Flashcards in Anatomy and Physiology XIII Deck (25)
How is vasospasm due to blood breakdown of subarachnoid hemorrhage treated?
With nimodipine (calcium channel blocker) (p.424)
What most commonly causes intraparenchymal (hypertensive) hemorrhages?
Systemic hypertension most commonly (p.424)
Name three causes of intraparenchymal hemorrhages other than the most common cause.
Amyloid angiopathy, vasculitis, neoplasm (p.424)
Where do intraparenchymal hemorrhages most commonly occur?
In the basal ganglia and internal capsule, but can also be lobar (p.424)
What is another name for intraparenchymal hemorrhages of the internal capsule?
Charcot-Bouchard aneurysms of the lenticulostriate vessels (p.424)
After how much time of hypoxia does irreversible brain damage begin?
After 5 minutes of hypoxia (p.425)
What areas of the brain are most vulnerable to hypoxia?
The hippocampus, neocortex, cerebellum, and watershed areas (p.425)
What is seen in brain tissue of ischemic disease/ stroke 12-48 hours after the ischemic event?
Red neurons (p.425)
What is seen in brain tissue of ischemic disease/ stroke 24-72 hours after the ischemic event?
Necrosis and neutrophils (p.425)
What is seen in brain tissue of ischemic disease/ stroke 3-5 days after the ischemic event?
What is seen in brain tissue of ischemic disease/ stroke 1-2 weeks after the ischemic event?
Reactive gliosis and vascular proliferation (p.425)
What is seen in brain tissue of ischemic disease/ stroke greater than 2 weeks after the ischemic event?
Glial scar (p.425)
Describe the CT findings of stroke.
Dark on non-contrast CT in approx. 24 hour.s. Bright areas on noncontrast CT indicate hemorrhage (tPA is contraindicated) (p.425)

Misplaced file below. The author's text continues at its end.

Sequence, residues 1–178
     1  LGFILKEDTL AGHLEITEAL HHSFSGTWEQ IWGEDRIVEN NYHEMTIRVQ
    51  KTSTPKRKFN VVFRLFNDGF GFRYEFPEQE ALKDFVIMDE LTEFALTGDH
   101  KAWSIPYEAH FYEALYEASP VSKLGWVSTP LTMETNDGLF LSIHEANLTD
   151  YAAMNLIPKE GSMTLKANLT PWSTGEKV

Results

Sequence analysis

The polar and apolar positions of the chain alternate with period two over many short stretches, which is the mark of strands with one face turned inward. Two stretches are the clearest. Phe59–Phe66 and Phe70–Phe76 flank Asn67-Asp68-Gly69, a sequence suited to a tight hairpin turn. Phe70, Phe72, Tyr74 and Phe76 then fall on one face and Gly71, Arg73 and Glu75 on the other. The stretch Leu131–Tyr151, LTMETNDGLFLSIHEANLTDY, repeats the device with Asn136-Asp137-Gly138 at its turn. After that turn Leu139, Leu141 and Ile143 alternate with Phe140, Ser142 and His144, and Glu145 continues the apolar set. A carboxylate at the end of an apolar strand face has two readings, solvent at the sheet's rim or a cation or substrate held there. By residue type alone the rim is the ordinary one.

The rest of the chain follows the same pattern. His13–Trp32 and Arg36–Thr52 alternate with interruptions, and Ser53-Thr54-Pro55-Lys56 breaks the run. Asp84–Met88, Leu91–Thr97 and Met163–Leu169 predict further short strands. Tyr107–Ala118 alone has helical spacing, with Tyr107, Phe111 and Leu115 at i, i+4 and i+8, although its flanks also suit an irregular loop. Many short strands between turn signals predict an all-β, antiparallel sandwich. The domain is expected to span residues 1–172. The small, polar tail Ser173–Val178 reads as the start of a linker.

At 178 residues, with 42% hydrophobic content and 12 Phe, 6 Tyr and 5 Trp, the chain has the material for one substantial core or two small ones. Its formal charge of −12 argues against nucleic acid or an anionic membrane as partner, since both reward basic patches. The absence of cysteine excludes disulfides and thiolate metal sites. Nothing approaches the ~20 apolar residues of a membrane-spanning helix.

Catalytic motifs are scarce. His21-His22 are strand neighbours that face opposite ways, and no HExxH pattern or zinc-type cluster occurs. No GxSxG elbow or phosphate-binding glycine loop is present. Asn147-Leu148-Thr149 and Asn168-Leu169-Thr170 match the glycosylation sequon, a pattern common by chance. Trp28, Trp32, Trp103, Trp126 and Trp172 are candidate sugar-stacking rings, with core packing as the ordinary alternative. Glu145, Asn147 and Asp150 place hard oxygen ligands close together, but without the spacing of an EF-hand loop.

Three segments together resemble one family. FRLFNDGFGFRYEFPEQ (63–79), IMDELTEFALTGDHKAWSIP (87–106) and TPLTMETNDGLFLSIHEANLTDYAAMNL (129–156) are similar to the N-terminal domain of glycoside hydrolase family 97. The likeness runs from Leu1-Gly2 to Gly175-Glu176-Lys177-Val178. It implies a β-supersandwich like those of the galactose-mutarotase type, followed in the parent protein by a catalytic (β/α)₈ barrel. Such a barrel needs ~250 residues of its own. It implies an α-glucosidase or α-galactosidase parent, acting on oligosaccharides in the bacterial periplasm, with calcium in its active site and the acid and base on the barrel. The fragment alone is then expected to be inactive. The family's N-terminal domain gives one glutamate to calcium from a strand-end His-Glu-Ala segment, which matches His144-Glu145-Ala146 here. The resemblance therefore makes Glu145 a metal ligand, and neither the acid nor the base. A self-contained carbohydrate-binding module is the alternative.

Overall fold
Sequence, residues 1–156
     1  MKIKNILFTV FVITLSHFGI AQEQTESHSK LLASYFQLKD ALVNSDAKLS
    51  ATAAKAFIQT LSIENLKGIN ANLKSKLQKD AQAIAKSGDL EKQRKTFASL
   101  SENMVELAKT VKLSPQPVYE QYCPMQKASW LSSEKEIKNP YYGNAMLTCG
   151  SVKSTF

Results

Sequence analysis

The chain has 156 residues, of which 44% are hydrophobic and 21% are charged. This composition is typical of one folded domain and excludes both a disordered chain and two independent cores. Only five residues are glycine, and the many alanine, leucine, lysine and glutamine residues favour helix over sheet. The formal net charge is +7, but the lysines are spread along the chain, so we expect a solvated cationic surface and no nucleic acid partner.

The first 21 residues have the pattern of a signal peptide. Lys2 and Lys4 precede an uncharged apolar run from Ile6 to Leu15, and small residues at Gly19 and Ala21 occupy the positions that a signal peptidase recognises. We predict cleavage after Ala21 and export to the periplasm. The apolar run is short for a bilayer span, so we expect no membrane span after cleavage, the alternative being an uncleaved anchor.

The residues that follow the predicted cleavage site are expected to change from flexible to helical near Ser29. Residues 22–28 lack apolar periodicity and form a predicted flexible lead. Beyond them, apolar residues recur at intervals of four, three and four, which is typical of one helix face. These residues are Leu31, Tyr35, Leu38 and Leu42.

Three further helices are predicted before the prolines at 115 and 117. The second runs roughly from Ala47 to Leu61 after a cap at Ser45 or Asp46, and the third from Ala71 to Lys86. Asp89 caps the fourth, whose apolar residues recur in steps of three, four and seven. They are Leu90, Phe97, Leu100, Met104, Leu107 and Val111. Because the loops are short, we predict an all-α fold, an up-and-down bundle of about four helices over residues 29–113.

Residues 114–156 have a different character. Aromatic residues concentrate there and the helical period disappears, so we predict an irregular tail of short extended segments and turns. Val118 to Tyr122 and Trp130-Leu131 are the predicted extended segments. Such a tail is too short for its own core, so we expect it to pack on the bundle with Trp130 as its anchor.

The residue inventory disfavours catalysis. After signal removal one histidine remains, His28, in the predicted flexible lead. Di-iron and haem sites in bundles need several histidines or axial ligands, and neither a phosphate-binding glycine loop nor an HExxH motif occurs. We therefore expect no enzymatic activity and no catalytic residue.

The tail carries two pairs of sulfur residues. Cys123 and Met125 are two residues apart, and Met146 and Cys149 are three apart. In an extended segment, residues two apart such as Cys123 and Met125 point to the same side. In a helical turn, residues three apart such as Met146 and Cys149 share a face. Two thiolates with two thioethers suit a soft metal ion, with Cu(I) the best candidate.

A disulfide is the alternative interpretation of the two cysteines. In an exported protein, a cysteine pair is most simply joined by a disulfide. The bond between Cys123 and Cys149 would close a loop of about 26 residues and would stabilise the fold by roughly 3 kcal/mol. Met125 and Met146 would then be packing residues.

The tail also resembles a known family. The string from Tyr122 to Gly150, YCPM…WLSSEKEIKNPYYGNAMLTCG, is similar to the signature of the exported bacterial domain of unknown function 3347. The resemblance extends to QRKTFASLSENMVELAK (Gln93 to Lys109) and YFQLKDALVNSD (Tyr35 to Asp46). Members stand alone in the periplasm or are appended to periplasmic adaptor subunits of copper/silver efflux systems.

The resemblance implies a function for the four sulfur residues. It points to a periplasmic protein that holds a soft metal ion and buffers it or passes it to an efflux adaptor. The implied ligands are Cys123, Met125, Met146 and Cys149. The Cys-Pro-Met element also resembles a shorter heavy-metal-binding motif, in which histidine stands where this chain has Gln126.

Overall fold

Describe the MRI findings of stroke.
Bright on diffusion-weighted MRI in 3-30 minutes and remains bright for 10 days (p.425)
How does atherosclerosis lead to ischemic brain disease/ stroke?
Thrombi lead to ischemic stroke with subsequent necrosis. Cystic cavity forms with reactive gliosis (p.425)
How does hemorrhagic stroke cause ischemic brain disease/ stroke?
Through intracerebral bleeding (often due to hypertension, anticoagulation, and cancer (where abnormal vessels bleed)); Also may be caused secondarily due to ischemic stroke followed by reperfusion (due to increased vessel fragility) (p.425)
How does ischemic stroke cause ischemic brain disease/ stroke?
Atherosclerotic emboli block large vessels; lacunar strokes block small vessels (p.425)
How does transient ischemic attack (TIA) cause ischemic brain disease/ stroke?
Ischemic deficits due to focal ischemia (p.425)
Name four possible causes of ischemic stroke.
Atrial fibrillation, carotid dissectioun, patent foramen ovale, endocarditis (p.425)
What is the treatment for ischemic stroke and what is the timeframe to give this treatment?
tPA within 4.5 hours (p.425)
What are the contraindications for giving a patient with ischemic stroke tPA?
Patient must present within three hours of onset of ischemic event and there must not be any major risk of hemorrhage (p.425)
What is a TIA?
Brief, reversible episode of focal neurologic dysfunction typically lasting less than one hour without acute infarction (p.425)
What are typical MRI findings in a patient with a TIA?
Negative MRI findings (p.425)
What are dural venous sinuses?
Large venous channels running through the dura that drain blood from the cerebral veins and receive CSF from arachnoid granulations (p.425)